James Cleverly, Minister for the Middle East and North Africa, responds to MPs’ questions on a two-state solution in the Middle East, the 0.7% overseas development assistance target, and 12-years of quality education for all.
Middle East: Two-state Solution
What recent assessment he has made of the prospects for a two-state solution in the Middle East. (901234)
If he will support the creation of the International Fund for Israeli-Palestinian Peace. (901240)
What diplomatic steps he is taking to support peace between Israel and the Palestinians. (901244)
The UK remains fully committed to a two-state solution as the best way to permanently end the occupation, deliver Palestinian self-determination and ensure Israel’s Jewish and democratic identity. My right hon. Friend the Foreign Secretary visited Israel and the Occupied Palestinian Territories on 25 and 26 May for talks with senior leaders to reaffirm this commitment. We welcome the ceasefire in Israel and Gaza, and we are working with partners in the region to find a durable solution to the conflict. We also look forward to hearing more from the Alliance for Middle East Peace and the US Government about the international fund’s objectives and the projects it will support. Once more information is available, we will consider options for UK involvement.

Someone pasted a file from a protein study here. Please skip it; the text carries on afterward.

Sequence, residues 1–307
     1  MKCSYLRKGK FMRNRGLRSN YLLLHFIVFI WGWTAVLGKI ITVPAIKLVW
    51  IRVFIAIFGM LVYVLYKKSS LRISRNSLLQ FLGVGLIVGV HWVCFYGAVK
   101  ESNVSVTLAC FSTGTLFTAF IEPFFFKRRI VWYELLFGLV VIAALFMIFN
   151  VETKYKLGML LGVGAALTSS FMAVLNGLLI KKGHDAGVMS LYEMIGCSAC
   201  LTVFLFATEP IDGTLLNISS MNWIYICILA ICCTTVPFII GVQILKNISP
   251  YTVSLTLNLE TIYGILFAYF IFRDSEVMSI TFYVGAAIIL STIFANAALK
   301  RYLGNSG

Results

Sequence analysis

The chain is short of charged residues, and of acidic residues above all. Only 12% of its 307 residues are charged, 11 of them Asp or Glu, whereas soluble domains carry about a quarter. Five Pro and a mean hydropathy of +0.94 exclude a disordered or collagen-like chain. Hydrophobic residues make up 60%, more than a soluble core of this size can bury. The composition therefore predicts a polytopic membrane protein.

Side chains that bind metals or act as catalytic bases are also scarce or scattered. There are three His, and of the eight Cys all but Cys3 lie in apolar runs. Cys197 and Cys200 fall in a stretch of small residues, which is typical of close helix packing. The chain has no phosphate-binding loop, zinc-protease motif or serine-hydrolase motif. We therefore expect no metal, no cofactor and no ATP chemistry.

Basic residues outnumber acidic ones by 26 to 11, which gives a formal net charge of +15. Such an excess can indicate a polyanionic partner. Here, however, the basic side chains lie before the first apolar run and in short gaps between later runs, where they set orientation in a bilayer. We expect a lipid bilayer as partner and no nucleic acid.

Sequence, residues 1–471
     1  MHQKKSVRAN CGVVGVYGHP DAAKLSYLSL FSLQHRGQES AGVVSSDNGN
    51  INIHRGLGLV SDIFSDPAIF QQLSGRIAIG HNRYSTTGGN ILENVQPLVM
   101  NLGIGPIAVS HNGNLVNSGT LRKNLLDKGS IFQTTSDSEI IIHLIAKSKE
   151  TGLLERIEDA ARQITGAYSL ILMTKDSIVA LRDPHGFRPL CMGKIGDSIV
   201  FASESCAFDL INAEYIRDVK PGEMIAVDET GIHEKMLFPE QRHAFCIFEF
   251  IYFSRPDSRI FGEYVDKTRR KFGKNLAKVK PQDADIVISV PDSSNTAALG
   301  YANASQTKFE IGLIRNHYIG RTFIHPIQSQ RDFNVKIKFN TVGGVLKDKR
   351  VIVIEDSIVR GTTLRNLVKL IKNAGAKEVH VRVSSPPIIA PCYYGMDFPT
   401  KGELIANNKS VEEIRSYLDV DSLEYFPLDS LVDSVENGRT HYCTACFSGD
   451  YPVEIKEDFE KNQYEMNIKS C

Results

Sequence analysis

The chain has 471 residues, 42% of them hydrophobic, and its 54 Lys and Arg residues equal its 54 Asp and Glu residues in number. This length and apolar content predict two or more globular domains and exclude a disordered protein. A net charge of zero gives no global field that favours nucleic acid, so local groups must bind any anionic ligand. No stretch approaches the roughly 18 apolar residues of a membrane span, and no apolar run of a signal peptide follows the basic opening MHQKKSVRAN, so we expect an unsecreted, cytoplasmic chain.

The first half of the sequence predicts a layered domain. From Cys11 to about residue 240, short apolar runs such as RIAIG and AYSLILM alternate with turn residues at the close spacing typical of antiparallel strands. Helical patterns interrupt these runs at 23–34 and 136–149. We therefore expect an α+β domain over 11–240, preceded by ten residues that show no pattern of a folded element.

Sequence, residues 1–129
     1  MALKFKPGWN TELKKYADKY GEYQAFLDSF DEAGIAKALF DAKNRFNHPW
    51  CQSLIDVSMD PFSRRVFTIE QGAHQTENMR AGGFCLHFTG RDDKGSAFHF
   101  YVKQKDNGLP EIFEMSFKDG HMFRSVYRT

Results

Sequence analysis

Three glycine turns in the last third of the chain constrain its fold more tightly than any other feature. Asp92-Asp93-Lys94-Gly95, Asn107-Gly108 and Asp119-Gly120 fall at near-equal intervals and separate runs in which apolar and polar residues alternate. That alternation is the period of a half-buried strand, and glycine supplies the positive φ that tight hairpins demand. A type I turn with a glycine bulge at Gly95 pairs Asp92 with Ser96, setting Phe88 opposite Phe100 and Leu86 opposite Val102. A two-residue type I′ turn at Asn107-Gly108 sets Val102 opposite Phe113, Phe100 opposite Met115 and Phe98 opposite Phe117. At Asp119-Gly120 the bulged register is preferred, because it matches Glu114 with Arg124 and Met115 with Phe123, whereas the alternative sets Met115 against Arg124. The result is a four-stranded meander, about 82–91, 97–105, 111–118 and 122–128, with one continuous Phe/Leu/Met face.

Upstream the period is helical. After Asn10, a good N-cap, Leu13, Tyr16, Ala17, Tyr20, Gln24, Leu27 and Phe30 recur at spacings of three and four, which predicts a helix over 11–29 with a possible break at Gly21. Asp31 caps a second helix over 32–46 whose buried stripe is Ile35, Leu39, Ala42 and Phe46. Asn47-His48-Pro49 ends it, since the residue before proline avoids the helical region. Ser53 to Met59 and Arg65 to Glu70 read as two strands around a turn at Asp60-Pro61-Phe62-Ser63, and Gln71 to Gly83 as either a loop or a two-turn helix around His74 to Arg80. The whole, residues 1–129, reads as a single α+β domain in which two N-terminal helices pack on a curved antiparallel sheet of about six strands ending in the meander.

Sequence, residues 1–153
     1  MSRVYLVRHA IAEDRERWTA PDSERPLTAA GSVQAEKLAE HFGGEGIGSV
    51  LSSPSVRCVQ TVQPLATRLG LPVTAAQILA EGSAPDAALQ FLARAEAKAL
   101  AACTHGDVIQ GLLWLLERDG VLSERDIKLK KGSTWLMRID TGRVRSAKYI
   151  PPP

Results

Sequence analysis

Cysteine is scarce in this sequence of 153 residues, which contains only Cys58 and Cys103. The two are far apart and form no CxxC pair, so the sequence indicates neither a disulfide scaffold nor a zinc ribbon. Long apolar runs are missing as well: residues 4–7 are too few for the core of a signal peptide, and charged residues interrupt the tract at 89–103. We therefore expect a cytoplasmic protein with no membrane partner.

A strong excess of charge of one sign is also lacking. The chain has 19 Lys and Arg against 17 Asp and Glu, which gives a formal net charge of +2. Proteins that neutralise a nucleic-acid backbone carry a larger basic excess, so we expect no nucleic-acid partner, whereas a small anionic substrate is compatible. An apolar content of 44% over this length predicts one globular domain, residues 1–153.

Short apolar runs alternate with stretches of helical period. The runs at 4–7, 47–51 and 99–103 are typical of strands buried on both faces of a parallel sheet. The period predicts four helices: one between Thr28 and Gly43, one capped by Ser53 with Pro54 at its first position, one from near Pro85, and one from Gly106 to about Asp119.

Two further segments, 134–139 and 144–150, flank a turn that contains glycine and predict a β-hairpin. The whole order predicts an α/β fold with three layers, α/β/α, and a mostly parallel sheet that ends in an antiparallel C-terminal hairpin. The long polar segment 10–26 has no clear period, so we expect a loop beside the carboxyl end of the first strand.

As the Minister has said, for many years there has been widespread international support for a two-state solution, but he will know that a growing number of voices now say that the window on this is closing rapidly, and that if it does, Israel will have to accept full and equal civil rights for all Palestinians. In the light of this, what policy would he encourage the new Government formed this week to pursue?
We congratulate the new Government on their formation and look forward to working with them in pursuit of the almost universally held goal in this House and across the international community of having a secure, sovereign, prosperous Palestinian state alongside a secure and stable and safe Israeli state. Ultimately it is for the Government of Israel to make decisions about these policies, but, as has been the long-standing position of the UK Government, we will work to support any and all actions which are complementary to or part of the process towards making that sustainable two-state solution through political negotiations a reality.